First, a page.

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Emily Atef More Than Ever Review


More Than Ever (Plus que jamais) | Review

More Than Ever (Plus que jamais) | Review

When the Body Speaks: Krieps & Ulliel Fight for the Right Balance in Atef’s Final Voyage Drama

Emily Atef More Than Ever ReviewA too young to die portrait that sees a neutralized Vicky Krieps travel northwards to find her pathway…inwards, Emily Atefs latest is a non-postcard, straight-forward account of reconnecting with self — not at the most opportune moment, but when it matters most. Made more noteworthy due to it being Gaspard Ulliel’s final screen performance – he fastens his supportive boyfriend character with various degrees of cerebral rage displaying a splintered soul being asked to let go in more ways than one. A melodrama without deep chills, Plus que jamais (More Than Ever) sees Atef make some bolder narrative moves in the film’s second half, ultimately once the film steps foot in Scandi-territory we get some unexpected turns, punches, nips, tucks and forward momentum that makes this a worthy essay on a (re)union that reaches for new emotional heights.

A young woman named Hélène (Krieps) doesn’t have it in her to attend an evening party among couple friends. Her partner (Mathieu) helps apply her mascara (comically not the best at it) but the heart is there. The social gathering is an awkward event as everyone’s lives are full of planned futures — and if Hélène appears to be anti-social and really big on drinking water it signifies her future has hit an impasse. What happens next is a detailed account of how disease can throw a wrench into plans and undoubtedly can push even the closest people to the sidelines. Dignity intact, she begins to explore her options – her immediate future does not include a miracle solution but the randomness of online search sets her into motion. It feels like a book to film adaptation – until it’s not.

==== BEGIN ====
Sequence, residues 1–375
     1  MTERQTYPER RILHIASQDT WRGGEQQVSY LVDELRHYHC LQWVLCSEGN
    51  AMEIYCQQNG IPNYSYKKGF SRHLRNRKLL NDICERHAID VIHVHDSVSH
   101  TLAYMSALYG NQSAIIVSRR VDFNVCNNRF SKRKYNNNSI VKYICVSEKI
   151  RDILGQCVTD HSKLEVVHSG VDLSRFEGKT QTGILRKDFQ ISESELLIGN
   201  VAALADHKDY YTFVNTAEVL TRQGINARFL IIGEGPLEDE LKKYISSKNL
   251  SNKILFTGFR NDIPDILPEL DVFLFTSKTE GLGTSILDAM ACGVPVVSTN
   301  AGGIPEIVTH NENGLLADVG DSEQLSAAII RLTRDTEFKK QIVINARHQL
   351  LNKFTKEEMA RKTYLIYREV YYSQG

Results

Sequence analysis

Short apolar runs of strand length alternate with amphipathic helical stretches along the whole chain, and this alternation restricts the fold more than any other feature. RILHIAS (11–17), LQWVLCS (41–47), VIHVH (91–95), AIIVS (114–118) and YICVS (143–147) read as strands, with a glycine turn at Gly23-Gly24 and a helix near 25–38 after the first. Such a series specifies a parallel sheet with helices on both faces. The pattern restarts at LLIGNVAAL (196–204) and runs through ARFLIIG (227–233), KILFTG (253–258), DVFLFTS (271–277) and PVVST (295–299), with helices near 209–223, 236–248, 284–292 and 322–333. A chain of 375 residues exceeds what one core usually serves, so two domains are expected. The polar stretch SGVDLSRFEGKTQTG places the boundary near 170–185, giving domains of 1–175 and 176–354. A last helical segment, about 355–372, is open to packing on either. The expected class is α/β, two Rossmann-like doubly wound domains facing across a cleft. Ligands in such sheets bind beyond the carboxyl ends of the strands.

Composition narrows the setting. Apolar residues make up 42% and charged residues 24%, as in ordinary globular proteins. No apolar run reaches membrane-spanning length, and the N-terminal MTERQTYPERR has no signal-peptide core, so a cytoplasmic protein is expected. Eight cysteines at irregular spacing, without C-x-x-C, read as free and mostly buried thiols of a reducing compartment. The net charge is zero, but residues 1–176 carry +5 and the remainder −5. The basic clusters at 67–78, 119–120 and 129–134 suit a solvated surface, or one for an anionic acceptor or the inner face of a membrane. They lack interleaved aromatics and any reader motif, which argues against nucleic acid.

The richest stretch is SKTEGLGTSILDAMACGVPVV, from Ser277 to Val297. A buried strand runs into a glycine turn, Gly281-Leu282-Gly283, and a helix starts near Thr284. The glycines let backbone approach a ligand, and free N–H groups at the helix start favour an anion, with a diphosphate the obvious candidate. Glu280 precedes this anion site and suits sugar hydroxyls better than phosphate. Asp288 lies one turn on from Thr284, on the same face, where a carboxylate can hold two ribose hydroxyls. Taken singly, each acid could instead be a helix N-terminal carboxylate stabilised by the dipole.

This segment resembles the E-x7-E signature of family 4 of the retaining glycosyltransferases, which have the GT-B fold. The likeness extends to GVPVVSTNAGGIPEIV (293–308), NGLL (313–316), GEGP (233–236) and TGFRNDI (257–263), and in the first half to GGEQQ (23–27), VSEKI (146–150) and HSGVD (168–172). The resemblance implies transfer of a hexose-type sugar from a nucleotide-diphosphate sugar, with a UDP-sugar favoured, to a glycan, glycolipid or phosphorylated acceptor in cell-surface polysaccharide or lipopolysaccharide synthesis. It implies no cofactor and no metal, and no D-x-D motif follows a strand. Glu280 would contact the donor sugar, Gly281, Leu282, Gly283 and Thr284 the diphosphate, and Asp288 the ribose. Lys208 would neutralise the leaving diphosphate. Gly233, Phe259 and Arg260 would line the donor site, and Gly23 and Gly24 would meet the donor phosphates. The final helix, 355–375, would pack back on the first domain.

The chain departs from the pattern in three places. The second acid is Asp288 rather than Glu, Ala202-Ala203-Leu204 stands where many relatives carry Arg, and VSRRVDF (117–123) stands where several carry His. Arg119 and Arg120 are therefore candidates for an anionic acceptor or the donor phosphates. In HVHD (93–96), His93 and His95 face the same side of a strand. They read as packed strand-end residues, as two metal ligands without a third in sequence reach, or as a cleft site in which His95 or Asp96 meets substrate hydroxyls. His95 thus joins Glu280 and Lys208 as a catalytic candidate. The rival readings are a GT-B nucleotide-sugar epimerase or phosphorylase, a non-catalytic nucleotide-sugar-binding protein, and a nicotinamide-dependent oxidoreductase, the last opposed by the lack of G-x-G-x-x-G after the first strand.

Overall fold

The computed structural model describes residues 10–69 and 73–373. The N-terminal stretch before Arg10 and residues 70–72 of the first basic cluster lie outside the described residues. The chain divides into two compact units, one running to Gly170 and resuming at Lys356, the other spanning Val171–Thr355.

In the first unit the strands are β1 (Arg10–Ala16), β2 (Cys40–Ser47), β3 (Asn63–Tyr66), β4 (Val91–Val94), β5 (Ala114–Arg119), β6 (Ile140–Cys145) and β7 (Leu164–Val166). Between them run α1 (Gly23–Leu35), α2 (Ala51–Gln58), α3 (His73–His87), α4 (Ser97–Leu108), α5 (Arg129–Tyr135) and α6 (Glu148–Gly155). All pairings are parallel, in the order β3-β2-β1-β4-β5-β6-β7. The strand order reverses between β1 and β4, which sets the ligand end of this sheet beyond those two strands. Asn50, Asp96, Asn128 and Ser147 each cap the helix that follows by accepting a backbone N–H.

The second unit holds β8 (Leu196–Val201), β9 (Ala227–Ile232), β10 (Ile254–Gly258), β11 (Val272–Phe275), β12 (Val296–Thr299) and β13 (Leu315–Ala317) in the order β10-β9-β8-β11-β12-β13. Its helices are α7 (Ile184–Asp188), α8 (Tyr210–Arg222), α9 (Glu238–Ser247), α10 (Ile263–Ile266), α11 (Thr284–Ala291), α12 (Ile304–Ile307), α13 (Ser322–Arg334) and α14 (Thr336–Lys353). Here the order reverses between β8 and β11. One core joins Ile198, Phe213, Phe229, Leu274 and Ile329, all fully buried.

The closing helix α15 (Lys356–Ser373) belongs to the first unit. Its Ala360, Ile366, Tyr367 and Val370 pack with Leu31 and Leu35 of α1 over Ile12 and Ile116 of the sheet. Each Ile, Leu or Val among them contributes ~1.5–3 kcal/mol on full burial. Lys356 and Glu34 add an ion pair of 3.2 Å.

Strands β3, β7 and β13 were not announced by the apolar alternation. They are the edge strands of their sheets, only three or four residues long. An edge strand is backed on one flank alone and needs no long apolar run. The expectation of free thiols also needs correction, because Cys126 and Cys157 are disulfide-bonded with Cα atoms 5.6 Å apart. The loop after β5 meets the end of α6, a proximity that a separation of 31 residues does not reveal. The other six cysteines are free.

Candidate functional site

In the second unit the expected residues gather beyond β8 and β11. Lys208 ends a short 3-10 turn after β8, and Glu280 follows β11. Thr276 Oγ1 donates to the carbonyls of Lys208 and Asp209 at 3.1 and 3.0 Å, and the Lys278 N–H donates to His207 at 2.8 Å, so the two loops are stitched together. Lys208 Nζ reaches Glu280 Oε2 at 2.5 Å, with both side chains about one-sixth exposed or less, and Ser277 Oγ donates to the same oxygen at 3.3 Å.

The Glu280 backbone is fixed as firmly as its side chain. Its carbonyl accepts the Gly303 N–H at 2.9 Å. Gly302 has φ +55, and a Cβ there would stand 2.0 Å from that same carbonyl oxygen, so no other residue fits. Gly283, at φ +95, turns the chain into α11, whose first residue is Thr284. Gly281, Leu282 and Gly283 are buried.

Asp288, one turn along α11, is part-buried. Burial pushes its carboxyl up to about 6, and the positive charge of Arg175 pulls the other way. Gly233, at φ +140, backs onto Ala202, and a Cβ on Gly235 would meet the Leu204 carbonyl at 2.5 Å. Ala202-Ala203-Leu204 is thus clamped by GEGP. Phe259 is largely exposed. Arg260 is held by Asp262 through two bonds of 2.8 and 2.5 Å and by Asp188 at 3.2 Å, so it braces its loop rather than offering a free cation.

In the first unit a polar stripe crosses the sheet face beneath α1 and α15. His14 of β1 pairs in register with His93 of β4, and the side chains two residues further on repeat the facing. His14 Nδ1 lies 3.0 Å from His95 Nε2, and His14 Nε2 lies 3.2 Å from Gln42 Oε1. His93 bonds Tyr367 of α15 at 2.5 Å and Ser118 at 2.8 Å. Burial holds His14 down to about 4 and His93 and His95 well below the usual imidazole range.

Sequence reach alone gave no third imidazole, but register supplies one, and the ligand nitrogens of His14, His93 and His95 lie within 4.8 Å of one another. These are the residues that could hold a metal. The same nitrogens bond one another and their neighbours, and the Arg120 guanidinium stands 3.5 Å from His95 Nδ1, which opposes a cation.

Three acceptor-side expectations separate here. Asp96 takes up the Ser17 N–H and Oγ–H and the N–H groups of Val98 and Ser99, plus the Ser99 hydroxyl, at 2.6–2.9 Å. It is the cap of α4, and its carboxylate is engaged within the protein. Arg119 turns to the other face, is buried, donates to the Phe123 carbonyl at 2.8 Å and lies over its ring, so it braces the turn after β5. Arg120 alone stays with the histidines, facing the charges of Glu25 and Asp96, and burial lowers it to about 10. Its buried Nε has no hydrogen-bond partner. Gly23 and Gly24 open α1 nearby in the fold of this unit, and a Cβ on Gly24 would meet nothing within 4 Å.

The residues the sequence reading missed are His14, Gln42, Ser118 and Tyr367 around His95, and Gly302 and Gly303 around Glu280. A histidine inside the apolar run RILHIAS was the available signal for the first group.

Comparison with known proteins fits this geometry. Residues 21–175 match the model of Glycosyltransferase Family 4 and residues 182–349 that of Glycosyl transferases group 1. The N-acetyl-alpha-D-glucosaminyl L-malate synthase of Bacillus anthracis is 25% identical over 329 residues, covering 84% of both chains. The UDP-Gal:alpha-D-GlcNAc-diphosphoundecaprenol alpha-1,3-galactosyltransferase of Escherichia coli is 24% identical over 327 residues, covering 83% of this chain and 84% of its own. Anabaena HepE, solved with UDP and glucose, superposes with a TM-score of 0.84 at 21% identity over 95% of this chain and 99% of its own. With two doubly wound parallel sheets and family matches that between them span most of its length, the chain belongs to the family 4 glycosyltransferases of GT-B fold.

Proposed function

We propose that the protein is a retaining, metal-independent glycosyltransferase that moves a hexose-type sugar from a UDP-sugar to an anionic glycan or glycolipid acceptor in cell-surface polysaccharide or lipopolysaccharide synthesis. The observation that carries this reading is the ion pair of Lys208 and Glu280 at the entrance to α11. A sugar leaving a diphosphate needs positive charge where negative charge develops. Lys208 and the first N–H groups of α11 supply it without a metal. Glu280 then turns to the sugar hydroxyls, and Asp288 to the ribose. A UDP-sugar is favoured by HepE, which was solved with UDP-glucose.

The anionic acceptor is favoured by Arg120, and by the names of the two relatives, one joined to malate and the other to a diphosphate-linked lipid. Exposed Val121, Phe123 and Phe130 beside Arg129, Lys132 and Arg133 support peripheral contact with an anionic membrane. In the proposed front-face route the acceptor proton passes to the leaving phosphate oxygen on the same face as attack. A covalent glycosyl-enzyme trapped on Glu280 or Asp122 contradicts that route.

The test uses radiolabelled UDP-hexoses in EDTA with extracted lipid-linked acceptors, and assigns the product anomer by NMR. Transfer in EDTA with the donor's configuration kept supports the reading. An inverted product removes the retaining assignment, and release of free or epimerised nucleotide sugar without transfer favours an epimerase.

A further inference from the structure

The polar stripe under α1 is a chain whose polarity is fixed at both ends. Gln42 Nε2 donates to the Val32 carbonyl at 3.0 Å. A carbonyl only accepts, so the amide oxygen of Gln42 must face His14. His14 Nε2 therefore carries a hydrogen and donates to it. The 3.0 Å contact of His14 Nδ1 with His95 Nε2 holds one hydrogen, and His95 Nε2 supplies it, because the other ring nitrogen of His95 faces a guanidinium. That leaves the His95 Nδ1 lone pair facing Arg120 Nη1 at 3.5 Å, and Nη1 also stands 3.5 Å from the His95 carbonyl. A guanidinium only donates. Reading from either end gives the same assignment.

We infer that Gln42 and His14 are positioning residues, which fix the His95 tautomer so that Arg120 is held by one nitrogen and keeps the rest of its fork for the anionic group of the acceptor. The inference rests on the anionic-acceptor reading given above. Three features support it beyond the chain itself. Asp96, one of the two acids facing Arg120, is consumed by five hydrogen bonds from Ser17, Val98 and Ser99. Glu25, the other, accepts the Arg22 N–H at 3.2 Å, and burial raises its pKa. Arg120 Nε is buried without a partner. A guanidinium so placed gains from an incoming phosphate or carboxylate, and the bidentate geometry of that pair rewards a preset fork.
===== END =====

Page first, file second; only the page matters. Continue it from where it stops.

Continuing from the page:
If Hélène often grasps for air it’s due to her lung disease and figuratively Mathieu’s anxiety fits by way of a lack of control.  Being terminally ill isn’t sexy. It’s inconvenient. It kills the mood. It hijacks future plans and it sometimes, as illustrated here, puts a wedge between the people we love and trust the most. Co-written by Atef and Lars Hubrich, there is a clumsy multiplication of small fissure events that make the text feel familiar and moderately irritating, however a fascinating choice is the non-dependence on Norway’s gorgeous backdrops to stand in for a wobbly first half. Sure there are repeat references to poetic, painterly inserts of oceans and nature but the approach here is for a more stripped down look into a private headspace and something about cabin being made of stones underlines where she is in on her final journey.

Plus que jamais feels like it benefited from some bold choices in the editing room or the screenplay disposes of secondary characters such as Norway host Bjørn Floberg have more of a larger part), one wishes that there’d be some more stylistic flourishes from cinematographer Yves Cape and that we’d get more of an atypical set-up in that same first-half. There are some virtuous ideas about fighting for ownership during one’s final chapter writing — Hélène’s crescendo power moves is where performance-wise Krieps is in her element.

Reviewed on May 21st at the 2022 Cannes Film Festival – Un Certain Regard. 123 Mins.


Eric Lavallée is the founder, CEO, editor-in-chief, film journalist and critic at (founded in 2000). Eric is a regular at Sundance, Cannes and TIFF. He has a BFA in Film Studies at the Mel Hoppenheim School of Cinema. In 2013 he served as a Narrative Competition Jury Member at the SXSW Film Festival. He was an associate producer on Mark Jackson's This Teacher (2018 LA Film Festival, 2018 BFI London). In 2022 he served as a New Flesh Comp for Best First Feature at the 2022 Fantasia Intl. Film Festival. Current top films for 2022 include Tár (Todd Field), All That Breathes (Shaunak Sen), Aftersun (Charlotte Wells).

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